Effective brain cancer therapies remain a critically unmet need in human healthcare. Advances in surgical, radiation and chemotherapeutic treatments have done little to change patients’ outcomes in the past 30 years. Clearly, new approaches are needed if we are to control these diseases. Many groups worldwide have been exploring the use of viruses that can selectively replicate in and kill tumor cells without harming normal cells; these so called “Oncolytic Viruses” (OV) have shown some remarkable results in late-stage clinical trials.  

Despite this clinical success most OVs are inherently neurotoxic and are not safe to use with brain cancer. Recently we have discovered a new OV variant (a Chimeric Maraba virus) that is non-neurotoxic when injected directly into the brain of mice and that is also effective in a rodent model of brain cancer in vivo and human glioblastoma tumor cells in vitro.  

A current impediment to further clinical development of this virus therapy is the manufacturing capability to supply this virus at a scale and quality suitable for requisite small rodent and non-human primate safety/toxicity studies, and to provide the eventual clinical stock that will be used in our upcoming phase I clinical trial.  

This Alliance for Cancer Gene Therapy funded grant will aid in the design and validation of a GMP-manufacturing process for this virus, and will provide the resources necessary to generate, characterize and validate the virus lots needed to supply the in vivo toxicity studies in support of our clinical trial application, and to conduct our clinical trial.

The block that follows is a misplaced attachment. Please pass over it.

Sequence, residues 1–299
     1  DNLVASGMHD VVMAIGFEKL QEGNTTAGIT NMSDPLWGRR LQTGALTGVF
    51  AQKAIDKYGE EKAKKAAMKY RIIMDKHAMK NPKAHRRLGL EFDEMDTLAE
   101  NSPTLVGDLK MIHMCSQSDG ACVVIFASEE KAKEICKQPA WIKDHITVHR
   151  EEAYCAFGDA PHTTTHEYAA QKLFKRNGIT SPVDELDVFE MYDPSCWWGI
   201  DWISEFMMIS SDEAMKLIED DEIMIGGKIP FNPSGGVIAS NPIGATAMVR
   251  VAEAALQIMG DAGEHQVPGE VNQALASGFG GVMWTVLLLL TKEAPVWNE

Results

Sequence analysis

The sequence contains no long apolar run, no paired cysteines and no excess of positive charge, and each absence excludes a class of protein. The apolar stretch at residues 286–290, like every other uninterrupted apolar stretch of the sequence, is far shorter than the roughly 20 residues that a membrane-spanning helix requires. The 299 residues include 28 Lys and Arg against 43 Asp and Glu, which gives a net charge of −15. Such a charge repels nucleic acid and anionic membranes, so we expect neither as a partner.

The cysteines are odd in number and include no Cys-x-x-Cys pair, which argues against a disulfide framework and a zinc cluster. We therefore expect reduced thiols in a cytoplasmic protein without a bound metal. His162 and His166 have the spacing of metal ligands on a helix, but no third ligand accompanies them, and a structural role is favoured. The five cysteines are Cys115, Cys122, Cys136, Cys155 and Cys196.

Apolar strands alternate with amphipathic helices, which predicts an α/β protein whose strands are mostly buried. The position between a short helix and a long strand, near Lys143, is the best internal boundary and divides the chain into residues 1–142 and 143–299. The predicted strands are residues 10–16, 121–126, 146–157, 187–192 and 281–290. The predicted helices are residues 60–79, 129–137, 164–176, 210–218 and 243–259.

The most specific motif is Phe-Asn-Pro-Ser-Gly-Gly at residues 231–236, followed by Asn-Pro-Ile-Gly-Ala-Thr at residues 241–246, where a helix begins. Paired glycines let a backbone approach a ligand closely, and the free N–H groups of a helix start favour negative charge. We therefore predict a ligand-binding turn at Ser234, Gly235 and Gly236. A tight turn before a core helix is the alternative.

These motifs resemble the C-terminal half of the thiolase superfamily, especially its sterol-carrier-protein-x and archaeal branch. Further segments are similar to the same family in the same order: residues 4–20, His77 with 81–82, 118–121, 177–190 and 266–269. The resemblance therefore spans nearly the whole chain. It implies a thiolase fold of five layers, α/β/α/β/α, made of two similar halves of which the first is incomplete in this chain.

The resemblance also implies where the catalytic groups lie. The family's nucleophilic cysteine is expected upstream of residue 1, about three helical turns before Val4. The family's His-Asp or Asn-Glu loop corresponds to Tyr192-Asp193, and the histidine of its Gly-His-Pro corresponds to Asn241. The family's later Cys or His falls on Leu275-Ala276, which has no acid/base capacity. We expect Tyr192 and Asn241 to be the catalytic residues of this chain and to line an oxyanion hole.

Brain cancer continues to be an unmet clinical need requiring novel treatments that are not merely palliative (surgery, radiation and chemotherapy) but potentially curative. A potent OV that can safely target the brain can potentially treat primary, metastatic and recurrent brain cancer improving quality of life and extending survival rates for patients suffering from this deadly disease.   

This Alliance for Cancer Gene Therapy Research Fellow is funded in part by Swim Across America.